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GOLD!

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Worth reading 😎

If you like long family novels spanning across generations with long held secrets, Gold is for you.

Gold by Thomas Greenbank has all the ingredients of a page turner. It has a straight forward plot, characters that are tied to the main plot and help further it rather than creating their own sub plots, a well defined villain whose villainy runs like a spine through the whole story, setting the tone for other characters and events. The plot has almost all the top current affair issues - misogyny, drug abuse and exploitation of aboriginals by a mining company.


If you have started feeling I am accusing the novel of being trite, you may be right. But Gold hardly pretends to be anything else.


Gold is an unpretentious genre novel narrating the story of two generations of the Kincaid family. Malcolm and Jamie, two brothers, start a mining company. They have hardly anything in common. Malcolm is an aggressive go-getter who doesn’t hesitate to resort to unethical practices to meet his ends, whereas Jamie is a sensitive and considerate human being.


Racheal is Malcolm’s girlfriend. Jarred by Malcolm’s psychotically aggressive personality, Racheal eventually gravitates towards the sensitive Jamie. However, in a twist of events, one day, Malcolm and Racheal find themselves alone. Malcolm and violates her. Racheal gives birth to Lachie and Jamie dies in a road accident.


Lachie is more like Jamie, sensitive and idealistic, than his biological father Malcolm. They coexist despite their differences - their paths crossing and diverging again - until an incident related to mining brings them into conflict.

The novel is lengthy – at 590 plus pages – but Thomas has managed to maintain the tautness of its narrative.


It picks up at the beginning, then it slows down a bit, only to pick up again at the end to deliver a conclusive and a bit unexpected denouement. However, there are subplots Thomas doesn’t conclude. Lachie never comes to know that Malcolm was his biological father. A promising subplot concerning Racheal’s mother receives a short shrift. I am not sure if they were deliberately overlooked as they were not part of the main storyline or were oversights.  


Gold took me back to Sidney Sheldon and Jeffery Archer warts and all. The characters are a bit one-dimensional, but you identify with them. The chapters are short - you can race through several of them in one sitting. It’s an easy read - the hours spent reading it will not leave you stressed. It’s absorbing – and you will crave to return to it, to know what happens next.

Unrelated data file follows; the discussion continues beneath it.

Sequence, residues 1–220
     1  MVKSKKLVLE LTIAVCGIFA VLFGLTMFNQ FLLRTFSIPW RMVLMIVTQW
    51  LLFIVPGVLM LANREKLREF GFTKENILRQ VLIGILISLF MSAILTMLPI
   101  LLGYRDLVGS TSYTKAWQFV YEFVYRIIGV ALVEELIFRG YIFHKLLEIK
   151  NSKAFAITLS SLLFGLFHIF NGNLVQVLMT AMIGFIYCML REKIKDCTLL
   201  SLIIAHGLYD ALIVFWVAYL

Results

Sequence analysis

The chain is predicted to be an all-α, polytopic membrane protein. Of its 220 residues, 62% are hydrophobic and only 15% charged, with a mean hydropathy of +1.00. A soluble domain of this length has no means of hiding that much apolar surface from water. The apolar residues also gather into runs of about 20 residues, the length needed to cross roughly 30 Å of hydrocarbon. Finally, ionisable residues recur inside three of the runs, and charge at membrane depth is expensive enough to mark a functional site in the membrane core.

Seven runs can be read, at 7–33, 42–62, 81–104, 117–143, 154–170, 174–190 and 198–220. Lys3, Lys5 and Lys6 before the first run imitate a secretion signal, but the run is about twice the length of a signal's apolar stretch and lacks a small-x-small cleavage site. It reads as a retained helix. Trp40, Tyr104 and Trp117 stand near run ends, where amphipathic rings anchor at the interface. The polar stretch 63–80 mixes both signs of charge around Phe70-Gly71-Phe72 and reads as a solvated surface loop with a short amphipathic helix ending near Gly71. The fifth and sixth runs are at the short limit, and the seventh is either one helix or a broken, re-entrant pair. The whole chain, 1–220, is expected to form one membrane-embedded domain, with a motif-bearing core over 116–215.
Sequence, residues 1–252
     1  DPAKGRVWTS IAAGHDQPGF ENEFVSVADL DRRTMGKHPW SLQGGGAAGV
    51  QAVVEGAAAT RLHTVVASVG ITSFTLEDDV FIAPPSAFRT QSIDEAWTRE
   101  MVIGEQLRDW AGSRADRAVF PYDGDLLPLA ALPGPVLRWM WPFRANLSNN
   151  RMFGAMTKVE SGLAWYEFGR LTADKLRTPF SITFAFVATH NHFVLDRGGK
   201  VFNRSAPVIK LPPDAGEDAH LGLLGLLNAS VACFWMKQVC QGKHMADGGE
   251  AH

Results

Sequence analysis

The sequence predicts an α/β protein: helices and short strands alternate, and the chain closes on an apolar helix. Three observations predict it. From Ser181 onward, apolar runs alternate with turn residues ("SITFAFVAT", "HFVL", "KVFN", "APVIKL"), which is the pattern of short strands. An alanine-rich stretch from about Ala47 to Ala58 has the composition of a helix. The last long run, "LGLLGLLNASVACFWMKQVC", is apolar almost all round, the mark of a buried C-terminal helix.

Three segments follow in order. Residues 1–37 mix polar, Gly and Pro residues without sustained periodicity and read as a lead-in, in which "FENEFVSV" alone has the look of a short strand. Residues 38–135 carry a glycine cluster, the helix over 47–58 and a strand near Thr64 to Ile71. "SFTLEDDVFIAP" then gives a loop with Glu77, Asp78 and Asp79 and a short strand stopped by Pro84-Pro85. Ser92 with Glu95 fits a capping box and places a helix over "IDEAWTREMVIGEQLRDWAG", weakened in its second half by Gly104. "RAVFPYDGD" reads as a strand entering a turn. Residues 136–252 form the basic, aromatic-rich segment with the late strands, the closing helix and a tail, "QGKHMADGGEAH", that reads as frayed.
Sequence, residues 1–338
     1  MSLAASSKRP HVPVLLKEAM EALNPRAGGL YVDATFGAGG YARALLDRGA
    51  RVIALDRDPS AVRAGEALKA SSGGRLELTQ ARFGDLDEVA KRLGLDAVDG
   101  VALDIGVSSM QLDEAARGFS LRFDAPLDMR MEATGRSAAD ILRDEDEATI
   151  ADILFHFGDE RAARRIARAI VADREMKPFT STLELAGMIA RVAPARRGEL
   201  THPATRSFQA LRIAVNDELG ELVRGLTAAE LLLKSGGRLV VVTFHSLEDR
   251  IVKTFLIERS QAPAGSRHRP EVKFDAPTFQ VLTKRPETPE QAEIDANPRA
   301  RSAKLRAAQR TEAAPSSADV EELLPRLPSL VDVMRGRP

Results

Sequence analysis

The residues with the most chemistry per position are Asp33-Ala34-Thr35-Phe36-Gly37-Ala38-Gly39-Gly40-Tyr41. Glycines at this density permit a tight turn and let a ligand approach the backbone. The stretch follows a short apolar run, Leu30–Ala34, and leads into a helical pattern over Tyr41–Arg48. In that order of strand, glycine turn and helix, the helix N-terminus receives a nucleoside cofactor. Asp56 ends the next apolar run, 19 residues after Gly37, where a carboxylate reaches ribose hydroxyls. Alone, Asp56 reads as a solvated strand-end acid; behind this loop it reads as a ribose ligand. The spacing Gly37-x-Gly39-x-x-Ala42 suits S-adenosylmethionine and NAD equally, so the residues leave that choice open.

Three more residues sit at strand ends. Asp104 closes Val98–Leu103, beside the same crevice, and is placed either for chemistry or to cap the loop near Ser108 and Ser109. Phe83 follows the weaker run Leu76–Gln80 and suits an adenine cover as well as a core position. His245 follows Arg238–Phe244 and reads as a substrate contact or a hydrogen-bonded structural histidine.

The novel has a strange aspect to it: a made-for-the-youth feel. Its world is mostly occupied by young characters (college goers or fresh graduates just starting their lives). The first half of the novel is mostly inhabited by Malcolm, Jamie and Racheal when they are young and the second Lachie, his wife and friends when they are young.


The old get very little of the plot space. So the dialogues exchanged between the characters, their concerns, challenges and worldview, everything has a very youthful feeling to it. I am not sure whether it was deliberate, or it just happened. But I enjoyed reading Gold and if you like fast-paced narrative and a book you can live with for a while without feeling tired, you will like it too.

Reviewed by

I am a working professional. I have been writing for many years. I have published some of my works in various publications. I like to read and read quite widely. I bring that experience to the book reviews I write.

Kalgoorlie, Mid-December 1975

About the author

In 2016, I retired to pursue a dream many years in the making. The result was my first novel, GOLD!. GOLD! was listed as a finalist in the 2020 Page Turner Writing Award and is due for release soon. These days I live in Adelaide, South Australia, with my wife; #1 fan and biggest critic, Lind... view profile

Published on December 10, 2020

Published by

80000 words

Contains mild explicit content ⚠️

Worked with a Reedsy professional 🏆

Genre: Contemporary Fiction

Reviewed by